BRIEF DESCRIPTION OF THE DRAWINGS

FIG. 1 is a schematic longitudinal sectional view through a portion of the lower colon showing device made according to the present invention in place therein;

FIG. 2 is a sectional view taken as on line 2--2 in FIG. 1.

FIG. 3 is a cross-section of a schematic representation of a conduit for illustrating parameters for examining elastic properties;

FIGS. 3A and 3B illustrate the dimensional changes in a portion of tissue before and after compression and the notation for characterizing strain in the deformed tissue; and

FIGS. 4 through 8 are graphical representations of strain characteristics calculated at different parameters related to FIG. 3.

DETAILED DESCRIPTION OF THE PREFERRED EMBODIMENTS

Co-pending U.S. patent application Ser. No. 7/994,109, filed on even date herewith and owned by the same assignee as the present application, for METHOD AND APPARATUS FOR ELASTICITY IMAGING discloses that deforming bodily tissue permits one to determine variations in the elasticity of tissue in areas of the body. Moreover, through analysis one can determine whether there are abnormal changes in elasticity and therefore determine if there are tumors or other pathological tissues present, which have a different elasticity than the surrounding tissue. This principle, as explained in the co-pending application, is applied to the present device, which is an intracavity probe. By using the intracavity probe of the present invention, one can objectively and quantitatively obtain palpatory information such as the presence, location, size, and relative hardness of a tumor adjacent the wall of a bodily conduit such as the rectum or vagina. Moreover, this palpatory information can be obtained by the present invention without inserting a finger into the bodily conduit. More importantly, the present invention permits detection of tumors in cases where the subjective finger palpation would not indicate the presence of a tumor at all, such as when the tumor is quite small or deep within the tissue (not close to the bodily conduit wall).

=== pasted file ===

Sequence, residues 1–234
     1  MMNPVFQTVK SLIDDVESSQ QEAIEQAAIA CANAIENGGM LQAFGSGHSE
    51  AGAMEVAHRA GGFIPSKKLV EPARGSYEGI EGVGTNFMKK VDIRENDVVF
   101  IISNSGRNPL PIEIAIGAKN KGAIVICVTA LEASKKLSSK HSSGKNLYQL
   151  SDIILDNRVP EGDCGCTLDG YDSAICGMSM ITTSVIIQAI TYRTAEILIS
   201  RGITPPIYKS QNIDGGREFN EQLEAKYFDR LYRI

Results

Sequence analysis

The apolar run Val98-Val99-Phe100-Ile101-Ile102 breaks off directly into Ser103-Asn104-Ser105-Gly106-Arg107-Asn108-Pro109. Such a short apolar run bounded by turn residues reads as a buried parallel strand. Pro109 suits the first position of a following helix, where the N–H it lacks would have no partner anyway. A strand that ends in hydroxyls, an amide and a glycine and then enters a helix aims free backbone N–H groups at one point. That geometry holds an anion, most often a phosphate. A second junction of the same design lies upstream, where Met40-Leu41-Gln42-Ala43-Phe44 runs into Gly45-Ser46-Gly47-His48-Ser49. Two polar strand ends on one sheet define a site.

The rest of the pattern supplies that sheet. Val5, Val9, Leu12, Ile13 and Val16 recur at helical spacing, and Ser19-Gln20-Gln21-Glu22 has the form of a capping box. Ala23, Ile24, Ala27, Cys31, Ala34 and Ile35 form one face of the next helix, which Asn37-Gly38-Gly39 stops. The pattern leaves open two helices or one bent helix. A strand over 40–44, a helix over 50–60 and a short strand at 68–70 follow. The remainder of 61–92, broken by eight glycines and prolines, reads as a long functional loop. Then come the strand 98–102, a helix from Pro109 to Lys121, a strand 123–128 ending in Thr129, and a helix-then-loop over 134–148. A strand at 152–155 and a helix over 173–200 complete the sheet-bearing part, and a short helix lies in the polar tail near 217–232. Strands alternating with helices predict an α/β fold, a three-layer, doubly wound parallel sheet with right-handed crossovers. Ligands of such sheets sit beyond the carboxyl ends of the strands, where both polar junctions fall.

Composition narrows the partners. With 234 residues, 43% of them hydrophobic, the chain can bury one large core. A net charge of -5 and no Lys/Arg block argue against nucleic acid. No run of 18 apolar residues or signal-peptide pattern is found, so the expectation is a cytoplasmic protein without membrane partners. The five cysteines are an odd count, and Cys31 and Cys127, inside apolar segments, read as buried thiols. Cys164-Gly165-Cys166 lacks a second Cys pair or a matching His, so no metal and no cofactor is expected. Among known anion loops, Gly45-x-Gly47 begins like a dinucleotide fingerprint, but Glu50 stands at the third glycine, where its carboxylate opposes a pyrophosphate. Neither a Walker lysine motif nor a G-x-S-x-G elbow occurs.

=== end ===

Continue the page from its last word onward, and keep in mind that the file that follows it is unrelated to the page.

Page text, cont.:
As seen in FIGS. 1 and 2, a lower colon such as that shown at 10 comprises tissue forming a bodily conduit wall. The lumen 12 of the conduit 10 may be expanded and retracted because of the conduit tissue elasticity. An intracavity probe assembly 14 is inserted into the lumen 12 of the conduit to examine the condition of the tissue of the colon conduit 10 as well as surrounding tissue.

The probe assembly 14 includes a central elongated rod-like probe 16 having sufficient rigidity for insertion and which has a smaller diameter than the lumen 12. The probe 16 can be inserted into the lumen or cavity (e.g., rectum and colon) through a bodily orifice (e.g., anus). An ultrasonic transducer array 18, which sends out ultrasonic energy and receives reflected ultrasonic energy is mounted on a inserted end of the probe 16 as is well known. Suitable leads shown at 20 are connected to the transducer 18. The leads 20 are connected to controls 21 which include electronic units 23 including computers, a display for the images, and recording devices.

The leading or inserted end portion of the probe is surrounded by an elastic or rubber sheath cylinder 22, which is similar to a condom or balloon. The sheath 22 has a closed, rounded leading end 24, as shown, and a neck portion 26 at the remote end (opposite the leading end), which seals against the surface of the probe 16 at a distance spaced rearwardly from the transducer array 18.

The sheath 22 has a wall that is elastic but includes a region 23 that is thinner or more readily stretched than the major portion of the sheath 22 so that the region 23 will expand more readily and tend to bulge out. This causes increased deformation in a selected region of the wall of the colon 10 (or other bodily conduit) adjacent the expanded sheath region 23. The sheath region 23 of increased expandability is aligned with the transducer array 18 so that the selectively compressed tissue can be readily imaged.